with unlimited power, he could not brook disobedience or contradiction. Let his expressed authority be resisted, on however good grounds, and he exhibits the weakness common to our fallen humanity under like circumstances, and flies into a passion. Ruler of the world, he was not equal to that still harder task of ruling his own spirit. And even the form of his visage was changed. Instead of the calm, dignified, self- possessed ruler that he should have appeared, he betrayed himself in look and act as the slave of ungovernable passion. The furnace was heated one seven times hotter than usual; in other words, to its utmost capacity. The king overreached himself in this; for even if the fire had been suffered to have its ordinary effect upon the ones he cast into the furnace, it would only have destroyed them the sooner. Nothing would have been gained by that means on the part of the king. But seeing they were delivered from it, much was gained on the part of the cause of God and his truth; for the more intense the heat, the greater and more impressive the miracle of being delivered from it. Every circumstance was calculated to show the direct power of God. They were bound in all their garments, but came out with not even the smell of fire upon them. The most mighty men in the army were chosen to cast them in. These the fire slew ere they came in contact with it; while on the Hebrews it had no effect, though they were in the very midst of its flames. It was evident that the fire was under the control of some supernatural intelligence; for while it had effect upon the cords with which they were bound, destroying them, so that they were free to walk about in the midst of the fire, it did not even singe their garments. They did not, as soon as free, spring out of the fire, but continued therein; for, first, the king had put them in, and it was his place to call them out; and, secondly, the form of the fourth was with them, and in his presence they could be content and joyful, as well in the furnace of fire as in the delights and luxuries of the palace. Let us in all our trials, afflictions, persecutions, and straitened places, but have the “form of the fourth” with us, and it is enough. The king said, “And the form of the fourth is like the Son of God.” This language is by some supposed to refer to Christ; but it is not likely that the king had any idea of the Saviour. A better rendering, according to good authorities, would be “like a son of the gods;” that is, he had the appearance of a supernatural or divine being. Nebuchadnezzar subsequently called him an angel. What a scathing rebuke upon the king for his folly and madness was the deliverance of these worthies from the fiery furnace! A higher power than any on earth had vindicated those who stood firm against idolatry, and poured contempt on the worship and requirements of the king. None of the gods of the heathen ever had wrought such deliverance as that, nor were they able to do so.

“VERSE 26. Then Nebuchadnezzar came near to the mouth of the burning fiery furnace, and spake, and said, Shadrach, Meshach, and Abed-nego, ye servants of the most high God, come forth, and come hither. Then Shadrach, Meshach, and Abed-nego came forth of the midst of the fire. 27. And the princes, governors, and captains,and the king’s counselors, being gathered together, saw these men, upon whose bodies the fire had no power, nor was an hair of their head singed, neither were their coats changed, nor the smell of fire had passed on them. 28. Then Nebuchadnezzar spake, and said, Blessed be the God of Shadrach, Meshach, and Abed-nego, who hath sent his angel, and delivered his servants that trusted in him, and have changed the king’s word, and yielded their bodies, that they might not serve nor worship any God, except their own God. 29. Therefore I make a decree, That every people, nation, and language, which speak anything amiss against the God of Shadrach, Meshach, and Abed-nego, shall be cut in pieces, and their houses shall be made a dunghill; because there is no other God that can deliver after this sort. 30. Then the king promoted Shadrach, Meshach, and Abed-nego in the province of Babylon.”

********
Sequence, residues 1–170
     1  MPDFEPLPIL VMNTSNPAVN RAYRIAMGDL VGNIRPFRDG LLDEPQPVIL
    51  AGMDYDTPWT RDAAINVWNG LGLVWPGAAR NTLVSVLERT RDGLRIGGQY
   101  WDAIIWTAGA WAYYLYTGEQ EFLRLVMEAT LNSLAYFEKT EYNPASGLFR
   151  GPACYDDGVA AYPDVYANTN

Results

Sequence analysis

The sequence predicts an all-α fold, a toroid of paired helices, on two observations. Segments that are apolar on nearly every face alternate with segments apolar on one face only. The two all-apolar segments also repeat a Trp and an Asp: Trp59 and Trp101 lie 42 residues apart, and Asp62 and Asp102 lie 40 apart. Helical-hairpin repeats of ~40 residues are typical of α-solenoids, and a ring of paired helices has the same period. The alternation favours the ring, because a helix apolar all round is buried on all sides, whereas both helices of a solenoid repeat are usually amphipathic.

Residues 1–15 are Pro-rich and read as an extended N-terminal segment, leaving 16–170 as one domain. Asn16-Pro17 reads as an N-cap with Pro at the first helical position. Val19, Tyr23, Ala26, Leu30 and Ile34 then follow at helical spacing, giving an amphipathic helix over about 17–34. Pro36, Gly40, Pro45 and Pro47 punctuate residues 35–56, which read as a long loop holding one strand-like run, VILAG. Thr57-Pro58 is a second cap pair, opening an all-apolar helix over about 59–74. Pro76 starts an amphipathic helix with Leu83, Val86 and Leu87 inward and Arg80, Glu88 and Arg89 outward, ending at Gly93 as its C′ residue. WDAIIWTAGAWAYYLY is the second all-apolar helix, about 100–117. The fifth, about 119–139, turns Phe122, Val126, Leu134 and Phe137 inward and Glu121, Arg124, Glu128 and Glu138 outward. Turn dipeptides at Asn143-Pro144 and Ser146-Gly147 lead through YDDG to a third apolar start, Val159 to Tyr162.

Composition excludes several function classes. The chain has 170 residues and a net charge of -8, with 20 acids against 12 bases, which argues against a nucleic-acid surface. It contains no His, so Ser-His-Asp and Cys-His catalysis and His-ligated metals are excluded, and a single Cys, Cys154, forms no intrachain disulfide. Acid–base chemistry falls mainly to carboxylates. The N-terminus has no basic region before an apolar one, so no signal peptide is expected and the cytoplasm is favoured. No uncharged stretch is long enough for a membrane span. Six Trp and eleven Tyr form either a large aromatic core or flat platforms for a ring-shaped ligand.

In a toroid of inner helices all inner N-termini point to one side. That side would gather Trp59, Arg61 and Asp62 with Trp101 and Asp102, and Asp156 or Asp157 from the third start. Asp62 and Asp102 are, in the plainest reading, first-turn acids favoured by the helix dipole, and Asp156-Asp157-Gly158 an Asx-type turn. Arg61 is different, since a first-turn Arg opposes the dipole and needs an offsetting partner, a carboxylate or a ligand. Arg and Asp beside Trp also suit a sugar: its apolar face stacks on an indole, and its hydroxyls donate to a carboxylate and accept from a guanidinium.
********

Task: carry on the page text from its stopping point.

When bidden, these three men came forth from the furnace. Then the princes, governors, and king’s counselors, through whose advice, or at least concurrence, they had been cast into the furnace (for the king said unto them, verse 24, “Did not we cast three men bound into the midst of the fire?”), were gathered together to look upon these men, and have optical and tangible proof of their wonderful preservation. The worship of the great image was lost sight of. The whole interest of this vast concourse of people was now concentrated upon these three remarkable men. All men’s thoughts and minds were full of this wonderful occurrence. And how the knowledge of it would be spread abroad throughout the empire, as they should return to their respective provinces! What a notable instance in which God caused the wrath of man to praise him! Then the king blessed the God of Shadrach, Meshach, and Abed- nego, and made a decree that none should speak against him. This the Chaldeans had undoubtedly done. In those days, each nation had its god or gods; for there were “gods many and lords many.” And the victory of one nation over another was supposed to occur because the gods of the conquered nation were not able to deliver them from the conquerors. The Jews had been wholly subjugated by the Babylonians, on which account the latter had no doubt spoken disparagingly or contemptuously of the God of the Jews. This the king now prohibits; for he is plainly given to understand that his success against the Jews was owing to their sins, not to any lack of power on the part of their God. In what a conspicuous and exalted light this placed the God of the Hebrews in comparison with the gods of the nations! It was an acknowledgment that he held men amenable to some high standard of moral character, and that he did not regard with indifference their actions in reference to it; since he would visit with punishment those who transgressed it, and would consequently bestow his blessing on those who complied with it. Had these Jews been time-servers, the name of the true God had not thus been exalted in Babylon. What honor does the Lord put upon them that are steadfast toward him! The king promoted them; that is, he restored to them the offices which they held before the charges of disobedience and treason were brought against them. At the end of verse 30 the Septuagint adds: “And he advanced them to be governors over all the Jews that were in his kingdom.” It is not probable that he insisted on any further worship of his image.